Returning a value from code string

Kirk McDonald mooquack at
Fri Jan 27 23:33:53 EST 2006

Say I have a database containing chunks of Python code. I already have a 
way to easily load, edit, and save them. What is slightly baffling to me 
is how I can effectively pass this code some arguments, run it, and 
somehow get a return value.

(Acutally, in the process of writing this post, I figured out a pretty 
good way of doing it. Here's the rest of my post and the solution I came 
up with. Enjoy my thought process!)

Right now I'm thinking of just defining a standard function name, and 
using that as the entry/exit point for the DB-stored code. Is this 
reasonable? Is there some more Pythonic way?

I'll probably compile the code and store the bytecode to the database 
(in addition to the plain text) for faster execution time, as well. It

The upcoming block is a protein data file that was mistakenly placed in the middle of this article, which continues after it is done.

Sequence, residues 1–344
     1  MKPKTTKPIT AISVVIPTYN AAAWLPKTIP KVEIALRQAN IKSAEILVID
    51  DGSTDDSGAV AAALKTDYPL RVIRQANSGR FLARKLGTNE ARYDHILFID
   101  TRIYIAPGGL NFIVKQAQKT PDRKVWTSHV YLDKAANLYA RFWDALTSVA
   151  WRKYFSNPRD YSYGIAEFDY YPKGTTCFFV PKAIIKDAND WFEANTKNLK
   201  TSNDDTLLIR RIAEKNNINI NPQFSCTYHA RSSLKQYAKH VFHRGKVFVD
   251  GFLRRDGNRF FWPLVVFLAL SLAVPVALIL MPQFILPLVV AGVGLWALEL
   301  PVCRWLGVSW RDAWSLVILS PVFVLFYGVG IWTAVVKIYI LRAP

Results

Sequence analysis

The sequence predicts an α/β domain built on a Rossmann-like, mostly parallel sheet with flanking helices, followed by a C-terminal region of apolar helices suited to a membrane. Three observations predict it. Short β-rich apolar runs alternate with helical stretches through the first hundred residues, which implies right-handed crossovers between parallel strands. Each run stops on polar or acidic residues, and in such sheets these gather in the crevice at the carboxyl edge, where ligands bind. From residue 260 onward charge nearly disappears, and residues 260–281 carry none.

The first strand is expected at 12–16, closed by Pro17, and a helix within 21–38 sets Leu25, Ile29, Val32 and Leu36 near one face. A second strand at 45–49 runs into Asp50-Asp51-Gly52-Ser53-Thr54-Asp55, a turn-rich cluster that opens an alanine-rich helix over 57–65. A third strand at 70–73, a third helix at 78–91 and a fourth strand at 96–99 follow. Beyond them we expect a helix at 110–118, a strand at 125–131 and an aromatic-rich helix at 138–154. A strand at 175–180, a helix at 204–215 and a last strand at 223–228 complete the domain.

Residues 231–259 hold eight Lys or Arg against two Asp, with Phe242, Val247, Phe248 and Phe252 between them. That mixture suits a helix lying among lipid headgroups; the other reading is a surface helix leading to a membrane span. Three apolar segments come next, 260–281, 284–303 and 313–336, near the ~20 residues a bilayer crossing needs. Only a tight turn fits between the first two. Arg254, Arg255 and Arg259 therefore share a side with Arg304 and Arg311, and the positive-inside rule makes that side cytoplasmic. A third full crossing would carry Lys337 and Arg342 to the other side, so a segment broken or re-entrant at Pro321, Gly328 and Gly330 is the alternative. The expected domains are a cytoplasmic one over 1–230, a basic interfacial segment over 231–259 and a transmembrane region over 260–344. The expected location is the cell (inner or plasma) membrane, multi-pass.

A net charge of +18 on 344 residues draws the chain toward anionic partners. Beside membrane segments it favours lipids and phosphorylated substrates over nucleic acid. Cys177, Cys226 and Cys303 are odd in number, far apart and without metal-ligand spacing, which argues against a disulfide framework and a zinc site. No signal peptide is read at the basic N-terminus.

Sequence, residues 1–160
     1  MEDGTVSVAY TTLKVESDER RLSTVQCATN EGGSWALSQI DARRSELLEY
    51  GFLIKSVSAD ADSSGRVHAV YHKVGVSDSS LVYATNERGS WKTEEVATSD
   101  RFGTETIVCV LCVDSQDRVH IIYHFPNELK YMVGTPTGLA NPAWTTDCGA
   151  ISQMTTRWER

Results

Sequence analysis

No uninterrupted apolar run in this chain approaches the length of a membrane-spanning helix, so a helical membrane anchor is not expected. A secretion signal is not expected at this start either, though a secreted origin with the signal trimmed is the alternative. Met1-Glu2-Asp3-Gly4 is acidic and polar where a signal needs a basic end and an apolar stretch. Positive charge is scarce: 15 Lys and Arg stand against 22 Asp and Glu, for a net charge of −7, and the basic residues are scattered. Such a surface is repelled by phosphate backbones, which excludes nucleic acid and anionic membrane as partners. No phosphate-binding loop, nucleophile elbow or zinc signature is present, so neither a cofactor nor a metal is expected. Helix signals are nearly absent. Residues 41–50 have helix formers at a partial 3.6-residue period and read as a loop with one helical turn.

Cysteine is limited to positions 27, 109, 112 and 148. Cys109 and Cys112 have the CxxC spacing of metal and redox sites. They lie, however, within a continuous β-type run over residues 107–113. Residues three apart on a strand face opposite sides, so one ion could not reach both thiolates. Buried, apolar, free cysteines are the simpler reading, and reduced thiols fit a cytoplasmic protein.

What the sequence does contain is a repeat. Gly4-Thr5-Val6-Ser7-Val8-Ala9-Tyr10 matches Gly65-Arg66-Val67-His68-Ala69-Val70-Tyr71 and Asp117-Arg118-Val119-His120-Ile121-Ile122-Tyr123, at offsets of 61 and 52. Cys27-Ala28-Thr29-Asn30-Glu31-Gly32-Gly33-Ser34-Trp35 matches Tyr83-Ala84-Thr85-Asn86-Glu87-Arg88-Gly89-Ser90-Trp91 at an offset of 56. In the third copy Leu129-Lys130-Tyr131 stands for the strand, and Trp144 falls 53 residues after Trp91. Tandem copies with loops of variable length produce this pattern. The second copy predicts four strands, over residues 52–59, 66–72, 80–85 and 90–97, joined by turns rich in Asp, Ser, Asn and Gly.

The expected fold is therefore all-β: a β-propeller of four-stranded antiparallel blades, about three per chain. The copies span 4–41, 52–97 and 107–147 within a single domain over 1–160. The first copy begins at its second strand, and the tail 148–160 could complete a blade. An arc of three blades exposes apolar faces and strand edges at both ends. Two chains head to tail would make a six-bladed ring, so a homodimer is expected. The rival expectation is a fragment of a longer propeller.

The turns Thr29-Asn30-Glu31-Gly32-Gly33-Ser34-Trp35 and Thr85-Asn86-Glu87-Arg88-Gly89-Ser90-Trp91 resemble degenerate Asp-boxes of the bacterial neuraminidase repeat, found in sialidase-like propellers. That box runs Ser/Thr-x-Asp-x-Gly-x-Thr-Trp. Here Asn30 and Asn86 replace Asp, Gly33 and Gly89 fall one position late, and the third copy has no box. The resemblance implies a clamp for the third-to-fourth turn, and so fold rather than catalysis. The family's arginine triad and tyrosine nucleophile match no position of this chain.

shouldn't care whether the stored code is a string or a code object.

What if a stored chunk of code doesn't need to return anything? It would 
be more convenient to just execute the code without the standard 
function. Also, it'd be nice to wrap this in a class:

# module
class Codeobj:
     def __init__(self, code=None):
         if code: self.code = code
         else: self.code = ""

     def __call__(self, args=None, **kwargs):
         # We can pass in a name/value dictionary
         if args: kwargs.update(args)
         exec self.code
         # We don't need a standard function if we're not returning
         # anything
         if locals().has_key('std_func_name'):
             return std_func_name(**kwargs)

if __name__ == "__main__":
     # Load code from the DB
     double = """\
def std_func_name(n):
     return n*2"""

     addthree = """\
def std_func_name(n):
     return n+3"""

     noreturn = "print 'arg = %s' % kwargs['arg']"

     a = Codeobj(double)
     b = Codeobj(addthree)
     c = Codeobj(noreturn)

     # Calling with name/value dictionary
     print a(args={'n':5})
     # Calling with specific named argument
     print b(n=4)

$ python
arg = foo

If I wanted to simplify the 'noreturn' example (well, if there were more 
lines of code this might make it simpler), I could have defined it like 

     noreturn = """\
print 'arg = %s' % arg"""

-Kirk McDonald

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